MINNEAPOLIS (AP) - Jack McDuff, a jazz organist who worked with some of the most famous
names in jazz music during a career that began in the 1950s, died Tuesday of an apparent
heart attack. He was 74.
Collaborators during his career included guitarists George Benson and Mark Whitfield
and horn player Red Holloway.
Born Sept. 17, 1926, in Champaign, Ill., McDuff fronted Heatin' System, a popular band
of the mid-1960s that featured Benson, Holloway and drummer Joe Dukes.
He traveled last year with a recreation of Heatin' System that featured horn players
Andrew Beals and Jerry Weldon, guitarist John Hart and drummer Rudy Petschauer.
McDuff recorded with several well-known labels, including Prestige in 1960. His latest
work, yet unreleased, was recorded under his current label, Concord Jazz, said John
McCauley, McDuff's Minneapolis-based agent.
'Brother' Jack McDuff, Veteran
Soul-Jazz Organist, Dies At 74
"Brother" Jack McDuff, the soulful
master of the Hammond B-3 organ who helped launch the career of guitarist George Benson,
died Tuesday (Jan. 23) in Minneapolis of an apparent heart attack after having suffered a
series of strokes in recent months. He was 74.
McDuff was a pillar of the soul-jazz
movement of the 1960s, playing the leading instrument of the style, the Hammond B-3 organ.
McDuff had a knack for working with the very best guitarists, such as Pat Martino, Kenny
Burrell, Dave Stryker, Mark Whitfield, and Dave Specter. Soul-jazz guitar giant Grant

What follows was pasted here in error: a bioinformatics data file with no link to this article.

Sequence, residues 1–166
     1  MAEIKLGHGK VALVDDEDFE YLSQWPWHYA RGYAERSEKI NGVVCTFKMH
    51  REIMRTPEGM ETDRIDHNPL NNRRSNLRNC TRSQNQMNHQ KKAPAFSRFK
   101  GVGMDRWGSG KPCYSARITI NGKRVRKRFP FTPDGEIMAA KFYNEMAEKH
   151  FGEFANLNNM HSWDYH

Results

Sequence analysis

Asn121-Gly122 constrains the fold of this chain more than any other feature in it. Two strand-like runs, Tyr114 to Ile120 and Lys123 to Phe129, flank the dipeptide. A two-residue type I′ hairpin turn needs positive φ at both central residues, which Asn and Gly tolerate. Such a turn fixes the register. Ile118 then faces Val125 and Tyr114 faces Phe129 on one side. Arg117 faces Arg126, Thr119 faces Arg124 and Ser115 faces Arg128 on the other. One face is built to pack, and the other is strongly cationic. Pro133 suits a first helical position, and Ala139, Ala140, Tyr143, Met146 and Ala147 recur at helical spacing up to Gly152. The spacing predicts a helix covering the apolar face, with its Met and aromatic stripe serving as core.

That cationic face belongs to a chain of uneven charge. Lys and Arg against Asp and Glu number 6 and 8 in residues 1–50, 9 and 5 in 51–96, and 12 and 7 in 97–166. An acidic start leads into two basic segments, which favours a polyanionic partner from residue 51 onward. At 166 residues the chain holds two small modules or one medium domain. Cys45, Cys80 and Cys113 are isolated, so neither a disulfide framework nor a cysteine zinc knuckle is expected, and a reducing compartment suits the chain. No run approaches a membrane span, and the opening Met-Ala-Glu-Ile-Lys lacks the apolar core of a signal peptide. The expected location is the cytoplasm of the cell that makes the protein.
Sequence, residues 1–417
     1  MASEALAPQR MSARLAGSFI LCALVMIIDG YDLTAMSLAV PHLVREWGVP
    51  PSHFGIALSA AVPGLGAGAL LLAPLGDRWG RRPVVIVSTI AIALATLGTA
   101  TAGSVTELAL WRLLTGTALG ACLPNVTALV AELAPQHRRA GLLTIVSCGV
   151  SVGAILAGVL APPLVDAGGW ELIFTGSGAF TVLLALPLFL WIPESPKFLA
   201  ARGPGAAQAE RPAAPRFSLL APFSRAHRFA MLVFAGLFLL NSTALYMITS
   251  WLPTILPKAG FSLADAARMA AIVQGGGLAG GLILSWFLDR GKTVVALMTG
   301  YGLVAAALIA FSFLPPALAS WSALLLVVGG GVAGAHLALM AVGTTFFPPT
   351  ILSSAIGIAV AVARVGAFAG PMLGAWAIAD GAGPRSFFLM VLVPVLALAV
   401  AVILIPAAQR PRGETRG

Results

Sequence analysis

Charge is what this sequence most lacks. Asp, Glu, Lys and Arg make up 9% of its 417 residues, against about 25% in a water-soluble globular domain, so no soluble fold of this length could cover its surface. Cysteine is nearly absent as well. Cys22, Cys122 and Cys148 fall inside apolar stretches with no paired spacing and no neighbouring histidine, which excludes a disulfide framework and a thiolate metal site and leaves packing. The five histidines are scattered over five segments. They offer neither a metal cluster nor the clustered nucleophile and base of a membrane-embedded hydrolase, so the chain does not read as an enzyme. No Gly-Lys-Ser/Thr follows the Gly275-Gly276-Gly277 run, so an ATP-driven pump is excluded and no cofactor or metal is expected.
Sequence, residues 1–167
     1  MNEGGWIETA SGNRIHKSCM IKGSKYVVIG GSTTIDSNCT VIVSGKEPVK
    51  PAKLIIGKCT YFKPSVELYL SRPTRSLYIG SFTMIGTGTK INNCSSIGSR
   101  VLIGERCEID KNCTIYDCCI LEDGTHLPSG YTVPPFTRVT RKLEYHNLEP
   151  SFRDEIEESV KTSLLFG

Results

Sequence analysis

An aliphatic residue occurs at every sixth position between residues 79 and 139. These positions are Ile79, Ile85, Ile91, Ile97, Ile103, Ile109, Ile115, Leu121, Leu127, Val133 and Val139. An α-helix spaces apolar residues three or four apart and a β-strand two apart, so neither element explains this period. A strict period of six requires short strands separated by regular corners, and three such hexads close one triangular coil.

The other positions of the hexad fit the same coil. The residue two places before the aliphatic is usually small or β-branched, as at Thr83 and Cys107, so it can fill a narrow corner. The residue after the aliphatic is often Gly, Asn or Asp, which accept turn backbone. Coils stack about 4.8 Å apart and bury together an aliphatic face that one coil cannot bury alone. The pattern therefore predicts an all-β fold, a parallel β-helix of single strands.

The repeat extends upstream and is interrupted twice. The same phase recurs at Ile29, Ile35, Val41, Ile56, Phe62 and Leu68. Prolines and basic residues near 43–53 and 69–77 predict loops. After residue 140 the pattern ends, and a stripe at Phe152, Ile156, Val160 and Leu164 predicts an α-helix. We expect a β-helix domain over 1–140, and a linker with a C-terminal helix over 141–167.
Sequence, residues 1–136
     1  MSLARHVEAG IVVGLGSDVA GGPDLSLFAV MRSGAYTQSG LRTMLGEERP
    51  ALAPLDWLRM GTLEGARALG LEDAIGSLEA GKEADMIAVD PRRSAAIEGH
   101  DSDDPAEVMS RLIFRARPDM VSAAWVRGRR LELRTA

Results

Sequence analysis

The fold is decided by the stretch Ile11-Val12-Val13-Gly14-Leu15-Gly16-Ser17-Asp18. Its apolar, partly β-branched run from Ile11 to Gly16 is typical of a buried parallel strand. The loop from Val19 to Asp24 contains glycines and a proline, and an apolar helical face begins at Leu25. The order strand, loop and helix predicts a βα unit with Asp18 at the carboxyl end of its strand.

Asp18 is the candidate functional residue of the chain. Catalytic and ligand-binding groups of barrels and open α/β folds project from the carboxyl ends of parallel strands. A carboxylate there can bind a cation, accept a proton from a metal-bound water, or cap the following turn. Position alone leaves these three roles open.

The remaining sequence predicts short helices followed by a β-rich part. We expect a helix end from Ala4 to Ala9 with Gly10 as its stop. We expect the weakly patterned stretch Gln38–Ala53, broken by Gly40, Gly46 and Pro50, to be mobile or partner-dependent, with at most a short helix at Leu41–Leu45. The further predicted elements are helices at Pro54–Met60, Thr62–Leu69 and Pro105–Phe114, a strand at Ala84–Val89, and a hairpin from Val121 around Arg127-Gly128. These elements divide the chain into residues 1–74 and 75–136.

Green made his recording debut on McDuff's The Honeydripper in 1961, and Benson
also debuted under McDuff's aegis, with a featured spot on 1963 album Brother Jack
McDuff Live!. (Benson's first album as a leader was The New Boss Guitar of George
Benson, on which he was backed by McDuff's quartet.)
After hearing of McDuff's passing, Benson issued a statement, saying, "Jack McDuff
gave me the most important foundation for communicating my music to others. He pointed out
the elements that are universally common to us all. I owe a great deal of my success to
the man we know as Brother Jack McDuff."
"He was a great guy, just very warm-spirited," said Chicago-based blues
guitarist Dave Specter, who recorded the 1996 album Left Turn on Blue with McDuff.
"He loved playing the blues."
McDuff was born Eugene McDuffy on Sept. 17, 1926 in Champaign, Ill. After serving in
the U.S. Navy, McDuff -- then playing acoustic bass -- worked with such jazz artists as
pianist Denny Zeitlin and reedman Joe Farrell, and also led his own band. He later moved
to Chicago, where he worked such leaders as Johnny Griffin and Max Roach.
A Chicago club owner suggested to McDuff that he switch to organ, which appealed to him
-- as he was already a fan of Hammond B-3 master Jimmy Smith. McDuff taught himself to
play the keyboard, and formed a new group in 1959. He made his Prestige Records debut the
following year, Jack McDuff Plays for Beautiful People. With the success of his
Prestige albums, McDuff's Heatin' System, the band that featured Benson,